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Budgeting is a scary word. Few people really want to know how much they are spending and like dieting, budgeting sounds like you are depriving yourself of something. Budgeting isn’t a bad thing! And actually it can be fairly simple to set up a budget.
Where do you want to be in a year, ten years, at retirement? Why are you creating a budget? It might help if you wrote down a few goals so you know what you are workings towards whether it is saving more, spending less, or that dream vacation. At this point don’t worry about how unrealistic the goal is – just get it on paper. Later once you have a budget in place; remind yourself often what you are working towards.
Find a way that works for you – this could be an envelope for receipts or by using Money Manager. Write everything down and categorize spending by the type of expense (entertainment, groceries, gas, etc.).
Remember even that $1 in the vending machine counts. You might be surprised how quickly the little dribblers add up - $1 a day for soda is over $360 a year!
What are you really making after taxes and other deductions?
Where are your spending weaknesses? Are you spending more than you are bringing in? Now it’s time to actually create a plan. Look at your type of expenses – figure out how much you need to budget for basic things like utilities, bills, gasoline, groceries, etc. How much is left over to save or spend on entertainment and extras?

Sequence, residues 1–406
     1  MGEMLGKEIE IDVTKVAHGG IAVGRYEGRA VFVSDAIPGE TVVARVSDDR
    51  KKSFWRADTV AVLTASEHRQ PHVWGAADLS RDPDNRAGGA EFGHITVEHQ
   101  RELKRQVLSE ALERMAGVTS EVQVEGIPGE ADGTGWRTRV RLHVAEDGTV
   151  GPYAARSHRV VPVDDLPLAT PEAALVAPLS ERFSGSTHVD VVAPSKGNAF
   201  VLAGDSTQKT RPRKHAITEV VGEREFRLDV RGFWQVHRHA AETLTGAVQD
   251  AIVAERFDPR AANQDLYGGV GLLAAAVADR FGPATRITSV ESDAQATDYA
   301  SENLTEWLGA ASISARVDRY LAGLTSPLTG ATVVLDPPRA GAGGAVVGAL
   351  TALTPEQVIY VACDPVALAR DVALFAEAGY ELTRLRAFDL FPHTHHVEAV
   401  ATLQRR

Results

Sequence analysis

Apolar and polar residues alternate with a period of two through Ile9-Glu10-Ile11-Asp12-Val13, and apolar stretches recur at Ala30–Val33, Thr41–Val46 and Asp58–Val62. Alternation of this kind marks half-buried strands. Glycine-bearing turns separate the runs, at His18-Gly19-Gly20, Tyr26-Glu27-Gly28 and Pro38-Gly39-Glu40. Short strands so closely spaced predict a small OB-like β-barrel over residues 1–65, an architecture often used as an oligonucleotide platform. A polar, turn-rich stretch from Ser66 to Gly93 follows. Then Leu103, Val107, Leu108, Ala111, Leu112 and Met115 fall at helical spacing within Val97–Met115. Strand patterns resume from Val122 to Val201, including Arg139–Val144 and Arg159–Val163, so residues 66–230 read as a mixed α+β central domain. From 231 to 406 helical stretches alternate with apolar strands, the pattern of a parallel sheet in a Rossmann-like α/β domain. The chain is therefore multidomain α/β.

If your expenses are more than your income or if you are just looking to increase your savings, you will need to cut back. What can you get rid of – premium cable channels, subscriptions to magazines or movie services? Look at your spending honestly and look for leaks or extras you just don’t need.
Just like a diet, you can’t deprive yourself of everything or you will never stick with it. Budget a small amount of money for fun extras. It may be helpful to actually pay yourself in cash so when the money is gone – it’s gone. Use this money for fun extras like a coffee on the way to work, or a night out with friends.
You should make a category in your budget to pay yourself. Even if you start with setting aside $10 a month – it’s something. You also need to budget money for emergencies, such as car repairs, unexpected bills, etc.
Payroll deduction could be a great way to start saving. You set up how much and to which account. Some financial institutions also offer an automatic transfer from one account to another – so if your money is direct deposited into your checking set up a reoccurring transfer of a certain amount of money to your savings. You can always adjust the amount later if you find you can save more or less.
Your situation will change constantly – your income may increase or decrease, expenses may fluctuate, or maybe you paid off that credit card debt. Adjust your budget accordingly.